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Fibromyalgia diagnosis

Diagnosis is difficult and frequently missed because symptoms of fibromyalgia are vague and generalized. Coexisting nerve and muscle disorders such as rheumatoid arthritis, spinal arthritis, or Lyme disease may further complicate the diagnostic process. Presently, there are no tests available to specifically diagnose fibromyalgia. The diagnosis is usually made after ruling out other medical conditions with similar symptoms.

Because of the emotional distress experienced by people with this condition and the influence of stress on the symptoms themselves, fibromyalgia has often been labeled a psychological problem. Recognition of the underlying inflammatory process involved in fibromyalgia has helped promote the validity of this disease.

Fibromyalgia diagnosis - America College of Rheumatology standards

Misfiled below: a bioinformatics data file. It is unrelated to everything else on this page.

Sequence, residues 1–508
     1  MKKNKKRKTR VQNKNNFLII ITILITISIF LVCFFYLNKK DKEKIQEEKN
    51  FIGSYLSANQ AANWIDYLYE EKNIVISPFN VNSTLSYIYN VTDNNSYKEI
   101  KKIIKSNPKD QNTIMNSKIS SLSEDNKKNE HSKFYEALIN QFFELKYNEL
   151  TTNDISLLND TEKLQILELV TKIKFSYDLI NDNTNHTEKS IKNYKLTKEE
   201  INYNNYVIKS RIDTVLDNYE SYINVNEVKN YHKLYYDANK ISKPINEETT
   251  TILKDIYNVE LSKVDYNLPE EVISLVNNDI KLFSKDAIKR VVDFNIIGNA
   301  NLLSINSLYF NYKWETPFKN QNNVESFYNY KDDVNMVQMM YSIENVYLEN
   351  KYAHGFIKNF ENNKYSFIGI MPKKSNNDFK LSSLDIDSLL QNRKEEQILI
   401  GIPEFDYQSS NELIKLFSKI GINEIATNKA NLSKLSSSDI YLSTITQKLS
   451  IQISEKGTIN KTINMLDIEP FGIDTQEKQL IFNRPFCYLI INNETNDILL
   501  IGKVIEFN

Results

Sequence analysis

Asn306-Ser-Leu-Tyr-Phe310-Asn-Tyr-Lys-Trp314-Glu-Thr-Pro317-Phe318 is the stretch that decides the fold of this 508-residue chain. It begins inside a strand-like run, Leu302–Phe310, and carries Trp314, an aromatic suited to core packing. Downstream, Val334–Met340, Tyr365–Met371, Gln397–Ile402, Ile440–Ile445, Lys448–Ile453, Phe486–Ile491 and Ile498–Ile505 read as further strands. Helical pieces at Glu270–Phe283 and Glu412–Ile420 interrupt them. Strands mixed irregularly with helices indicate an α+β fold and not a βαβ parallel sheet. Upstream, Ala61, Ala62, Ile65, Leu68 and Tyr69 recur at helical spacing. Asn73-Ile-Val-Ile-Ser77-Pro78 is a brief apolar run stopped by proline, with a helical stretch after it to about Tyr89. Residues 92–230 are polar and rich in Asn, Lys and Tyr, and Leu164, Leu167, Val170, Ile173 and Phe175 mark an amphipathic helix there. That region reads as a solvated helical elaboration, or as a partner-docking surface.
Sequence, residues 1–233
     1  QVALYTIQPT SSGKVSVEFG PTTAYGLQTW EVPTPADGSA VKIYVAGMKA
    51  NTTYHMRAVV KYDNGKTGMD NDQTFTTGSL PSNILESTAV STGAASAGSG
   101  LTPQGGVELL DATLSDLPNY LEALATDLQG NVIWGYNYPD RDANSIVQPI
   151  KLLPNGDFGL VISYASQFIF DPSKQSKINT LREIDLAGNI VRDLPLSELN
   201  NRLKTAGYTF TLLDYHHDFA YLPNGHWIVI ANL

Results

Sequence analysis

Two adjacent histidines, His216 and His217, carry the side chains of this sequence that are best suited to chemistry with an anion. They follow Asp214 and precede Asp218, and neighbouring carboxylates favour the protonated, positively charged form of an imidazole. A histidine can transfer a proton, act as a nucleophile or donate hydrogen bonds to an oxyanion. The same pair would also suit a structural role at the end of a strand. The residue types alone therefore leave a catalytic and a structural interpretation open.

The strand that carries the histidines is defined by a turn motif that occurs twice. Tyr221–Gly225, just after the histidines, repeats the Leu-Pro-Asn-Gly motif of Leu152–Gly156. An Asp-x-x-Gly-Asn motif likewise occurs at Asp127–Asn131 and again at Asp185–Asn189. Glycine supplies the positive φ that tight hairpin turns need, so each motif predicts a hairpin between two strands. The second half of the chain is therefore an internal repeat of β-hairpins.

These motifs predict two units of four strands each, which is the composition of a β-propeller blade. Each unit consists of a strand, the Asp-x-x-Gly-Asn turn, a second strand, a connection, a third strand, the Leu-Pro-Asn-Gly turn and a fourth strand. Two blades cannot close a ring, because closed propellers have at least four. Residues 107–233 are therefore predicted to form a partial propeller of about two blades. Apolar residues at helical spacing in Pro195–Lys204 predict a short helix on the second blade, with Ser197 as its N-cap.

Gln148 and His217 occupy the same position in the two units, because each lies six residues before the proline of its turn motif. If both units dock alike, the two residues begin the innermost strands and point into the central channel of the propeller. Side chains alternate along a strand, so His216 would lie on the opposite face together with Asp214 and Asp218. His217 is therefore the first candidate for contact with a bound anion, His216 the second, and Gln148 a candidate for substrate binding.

A doctor familiar with fibromyalgia, however, can make a diagnosis based on criteria established by the American College of Rheumatology (ACR): a history of widespread pain lasting more than 3 months, and the presence of diffuse tenderness. Pain is considered to be widespread when it affects all four quadrants of the body, meaning it must be felt on both the left and right sides of the body as well as above and below the waist. ACR also has designated 18 sites on the body as possible tender points. To meet the strict criteria for a fibromyalgia diagnosis, a person must have 11 or more tender points, but often patients with fibromyalgia will not always be this tender, especially men (see illustration below). People who have fibromyalgia certainly may feel pain at other sites, too, but those 18 standard possible sites on the body are the criteria used for classification.


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